This name, ludicrously enough, has been bestowed on the range of mountains separating Oregon and California, and also on a county in the latter State. The origin of this designation, as related to me by Mr. Anderson, was as follows. Mr. Archibald R. McLeod, a chief factor of the Hudson's Bay Company, in the year 1828, while crossing the mountains with a pack train, was over-taken by a snow storm, in which he lost most of his animals, including a noted bob-tailed race-horse. His Canadian followers, in compliment to their chief, or "bourgeois," named the place the Pass of the Siskiyou,--an appellation subsequently adopted as the veritable Indian name of the locality, and which thence extended to the whole range, and the adjoining district.
Sit'-kum, n., adj. Chinook, SITKUM (Anderson); Clatsop, ASITKO. A half; apart. Sitkuni dolla, half a dollar; sitkum sun, noon; tenas sitkum, a quarter, or a small part.
Sit'-lay, or Sit'-li-ay, n. French, LES ETRIERS. (Anderson.) Stirrups.
Sit'-shum, v. Chihalis, idem. To swim.
Si'-wash, n., adj. French, SAUVAGE. An Indian; Indian.
Skin, n. English, idem. Skin. Skin shoes, moccasins; stick skin, the bark of a tree.
Skoo'-kum, or Skoo-koom', n., adj. Chihalis, SKUKUM. A ghost; an evil spirit or demon; strong. Skookum tumtum, brave; skookum chuck, a rapid.
Skwak'-wal, n. Chinook, SKAKULH (Anderson); Clatsop, SKAKOLI. A lamprey eel. Of local use only.
Skwis'-kwis, n. Chinook, Cathlamet dialect. A squirrel.
Sla-hal', n. Chinook, ETLALTLAL. A game played with ten small disks, one of which is marked.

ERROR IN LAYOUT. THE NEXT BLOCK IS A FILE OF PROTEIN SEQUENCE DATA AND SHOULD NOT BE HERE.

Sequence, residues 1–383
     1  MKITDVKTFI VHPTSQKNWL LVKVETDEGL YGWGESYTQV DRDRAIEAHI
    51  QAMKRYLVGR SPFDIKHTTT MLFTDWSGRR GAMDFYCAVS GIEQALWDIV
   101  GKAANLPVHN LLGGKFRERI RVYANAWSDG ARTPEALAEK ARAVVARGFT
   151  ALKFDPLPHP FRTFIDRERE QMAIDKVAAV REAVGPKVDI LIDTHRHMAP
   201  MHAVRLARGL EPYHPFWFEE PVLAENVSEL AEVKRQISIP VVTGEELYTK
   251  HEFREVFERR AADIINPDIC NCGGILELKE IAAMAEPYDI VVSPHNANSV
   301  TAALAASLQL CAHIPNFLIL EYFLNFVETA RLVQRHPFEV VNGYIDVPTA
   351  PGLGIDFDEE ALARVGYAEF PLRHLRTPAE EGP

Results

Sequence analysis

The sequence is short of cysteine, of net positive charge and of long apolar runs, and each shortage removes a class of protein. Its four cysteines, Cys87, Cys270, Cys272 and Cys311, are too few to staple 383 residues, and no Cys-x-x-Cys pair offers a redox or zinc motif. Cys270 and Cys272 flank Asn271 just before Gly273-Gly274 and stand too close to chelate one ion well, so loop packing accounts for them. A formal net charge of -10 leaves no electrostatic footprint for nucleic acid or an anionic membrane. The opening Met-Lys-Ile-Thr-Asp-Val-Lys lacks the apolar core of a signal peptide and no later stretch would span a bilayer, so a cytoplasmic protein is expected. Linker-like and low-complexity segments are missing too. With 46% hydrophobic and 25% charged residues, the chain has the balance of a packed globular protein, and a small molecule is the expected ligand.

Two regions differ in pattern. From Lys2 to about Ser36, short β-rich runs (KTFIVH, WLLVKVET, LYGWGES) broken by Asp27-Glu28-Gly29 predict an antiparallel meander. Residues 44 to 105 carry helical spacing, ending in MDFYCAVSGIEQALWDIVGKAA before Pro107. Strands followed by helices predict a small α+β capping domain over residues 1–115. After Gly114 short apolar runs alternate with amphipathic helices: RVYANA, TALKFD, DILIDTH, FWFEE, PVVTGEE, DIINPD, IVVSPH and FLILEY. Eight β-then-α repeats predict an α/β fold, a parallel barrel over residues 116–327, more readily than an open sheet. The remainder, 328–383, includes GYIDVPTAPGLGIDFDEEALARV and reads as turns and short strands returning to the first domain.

Smet'-ocks, n. Chihalis, SMETTAKS. The large clam (Lutraria). Used only at the mouth of the Columbia river.
Smoke, n. English, idem. Smoke; clouds; fog; steam.
Snass, n. Qućre u. d. Rain. Cole snass, snow. The word is neither Chinook nor Chihalis, and is perhaps manufactured.
Snow, n. English, idem. Snow.
Soap, n. English, idem. Soap.
So-le'-mie, n. Chinook, SULAMICH (Anderson); Clatsop, SHÖLBE. The cranberry.
Sol'-leks, or Sah'-leks, n., adj. Qućre u. d. Anger; angry. Mamook solleks, to fight; tikegh solleks, to be hostile; kumtuks solleks, to be passionate.
So'-pe-na, v. Chinook, T'SOPENA. To jump; to leap.
Spo'-oh, or Spo'-eh, adj. Chinook, idem. Faded; any light color, as pale blue, drab, &c. Chahko spoeh, to fade.
Spoon, n. English, idem. A spoon.
Spose, conj. English, SUPPOSE. If; supposing; provided that; in order that. Spose mika nanitsh nika canim, if you see my canoe; spose nika klatawa kopa Chinook, if or when I go to Chinook; kahkwa spose, as if. See KLOSHK SPOSE.
Stick, n., adj. English, idem. A stick; a tree; wood; wooden. Stick skin, bark; ship stick, a mast; mitwhit stick, a standing tree, icht stick, a yard measure; stick shoes, leather shoes or boots, as distinguished from skin shoes or moccasins; kull stick, oak (hard wood); isick stick, the ash (paddle wood).
Stock'-en, n. English. Stockings or socks.
Stoh, adj. Chinook, idem. Loose. Mamook stoh, to untie; unloose; undo. Metaphorically, to absolve.
Stone, n. English, idem. A rock or stone; bone; horn; the testicles. Stone kiuatan, a stallion; mahsh stone, to castrate.
Stote'-kin, adj. Chinook, STOKTKIN. Eight.
Stutch'-un, n. English, STURGEON. The sturgeon.
Suk-wal'-al, n. Chinook (Hale); Clatsop, SHUKWALÁLA, a gun or musket. No longer used in Jargon.
Sun, n. English, idem. The sun; a day. Tenas sun, early; sitkum sun, noon; klip sun, sunset.
Sun'-day, n. English, idem. Sunday. Icht Sunday, a week; hyas sunday, a holiday. A flag hoisted on a particular occasion is sometimes also called Sunday. The other days of the week are usually counted from this; as, icht, mokst, klone sun kopet Sunday, one, two, or three days after Sunday. Saturday used to be called at the Hudson's Bay Company's posts "muckamuck sun," food day, as the one on which the rations were issued.
Source: Dictionary of the Chinook Jargon, or, Trade Language of Oregon, Chinook to English